Current Ground Deformation Derived from GPS Observations near PBO Station AC 55 along the Yentna River, South of Denali National Park Reserve, Alaska

dc.contributor.advisorWang, Guoquan
dc.contributor.committeeMemberRobinson, Alexander C.
dc.contributor.committeeMemberGlennie, Craig L.
dc.creatorCuddus, Yanet 1973-
dc.date.accessioned2017-06-16T16:49:16Z
dc.date.available2017-06-16T16:49:16Z
dc.date.createdMay 2015
dc.date.issued2015-05
dc.date.submittedMay 2015
dc.date.updated2017-06-16T16:49:16Z
dc.description.abstractThe Plate Boundary Observatory (PBO) has a network of 1100 permanent continuously operating Global Positioning System (GPS) stations, of which approximately 200 are located in Alaska. GPS station AC55 was accidently installed on a slow moving landslide. In order to isolate the landslide motion, this study uses 20 stations within 100 km proximity of AC55 to separate regional ground motion associated with seasonal variability and postseismic deformation from the 2002, M 7.9 Denali earthquake. Time series of motion in the horizontal and a vertical component was plotted for the entire network spanning the observation period (2002-2014). GPS observations were originally processed in IGS08. This study then established a local reference frame, which allows for intra-regional deformation analysis on areas of interest located within the local reference frame. From these measurements, a baseline of the relative motion located outside of the landslide body was calculated. The seasonal variability due to hydrological loading and the regional tectonic motion were calculated and removed. Hence the pure relative motion associated with the landslide event was derived. The relatively stable local reference frame is able to provide an accuracy of ± 1.5 mm/year for local ground motion. The results show that PBO station AC55 moves with a steady horizontal velocity of 5.5 cm/year toward N 75° E, and has a subsidence rate of 2.6 cm/year. The mechanism of the steady displacement velocity at AC55 is not fully understood and requires geotechnical field investigation to understand the kinematics of the landslide motion. More broadly, this GPS signal processing method has wider application allowing researchers to conduct precise landslide monitoring in remote regions using long-history (>5 years) GPS stations.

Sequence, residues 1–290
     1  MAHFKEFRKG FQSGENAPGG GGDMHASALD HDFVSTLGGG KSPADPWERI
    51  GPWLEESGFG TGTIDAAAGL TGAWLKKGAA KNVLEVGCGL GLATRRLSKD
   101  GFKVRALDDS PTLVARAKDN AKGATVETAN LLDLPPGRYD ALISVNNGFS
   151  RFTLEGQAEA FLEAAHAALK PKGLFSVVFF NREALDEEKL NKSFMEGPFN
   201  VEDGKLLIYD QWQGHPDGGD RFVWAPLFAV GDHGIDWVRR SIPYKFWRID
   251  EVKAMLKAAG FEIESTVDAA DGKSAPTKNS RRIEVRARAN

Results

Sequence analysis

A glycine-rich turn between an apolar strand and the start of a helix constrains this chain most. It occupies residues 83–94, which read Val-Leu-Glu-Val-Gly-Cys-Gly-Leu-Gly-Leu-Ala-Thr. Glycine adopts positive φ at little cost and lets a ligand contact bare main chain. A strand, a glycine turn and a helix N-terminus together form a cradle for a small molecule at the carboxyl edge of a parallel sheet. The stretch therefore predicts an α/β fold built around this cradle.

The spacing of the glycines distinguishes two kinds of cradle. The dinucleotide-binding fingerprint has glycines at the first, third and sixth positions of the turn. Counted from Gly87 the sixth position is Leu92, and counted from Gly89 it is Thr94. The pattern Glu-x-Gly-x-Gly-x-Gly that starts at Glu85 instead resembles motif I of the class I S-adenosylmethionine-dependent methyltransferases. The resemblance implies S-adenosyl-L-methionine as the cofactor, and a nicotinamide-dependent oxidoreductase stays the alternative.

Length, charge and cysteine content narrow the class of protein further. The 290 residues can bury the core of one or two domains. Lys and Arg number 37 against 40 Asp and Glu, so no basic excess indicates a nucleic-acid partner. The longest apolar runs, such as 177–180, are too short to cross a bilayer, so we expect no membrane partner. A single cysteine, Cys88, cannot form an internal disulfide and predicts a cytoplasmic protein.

dc.description.departmentEarth and Atmospheric Sciences, Department of
dc.format.digitalOriginborn digital
dc.format.mimetypeapplication/pdf
dc.identifier.citationPortions of this document appear in: Wang, G., Bao, Y., Cuddus, Y. et al. Nat Hazards (2015) 77: 1939. doi:10.1007/s11069-015-1684-z
dc.identifier.urihttp://hdl.handle.net/10657/1783
dc.language.isoeng
dc.rightsThe author of this work is the copyright owner. UH Libraries and the Texas Digital Library have their permission to store and provide access to this work. UH Libraries has secured permission to reproduce any and all previously published materials contained in the work. Further transmission, reproduction, or presentation of this work is prohibited except with permission of the author(s).
dc.subjectGPS
dc.subjectLandslide
dc.subjectAlaska
dc.titleCurrent Ground Deformation Derived from GPS Observations near PBO Station AC 55 along the Yentna River, South of Denali National Park Reserve, Alaska
dc.type.dcmitext
dc.type.genreThesis
thesis.degree.collegeCollege of Natural Sciences and Mathematics
thesis.degree.departmentEarth and Atmospheric Sciences, Department of
thesis.degree.disciplineGeophysics
thesis.degree.grantorUniversity of Houston
thesis.degree.levelMasters
thesis.degree.nameMaster of Science
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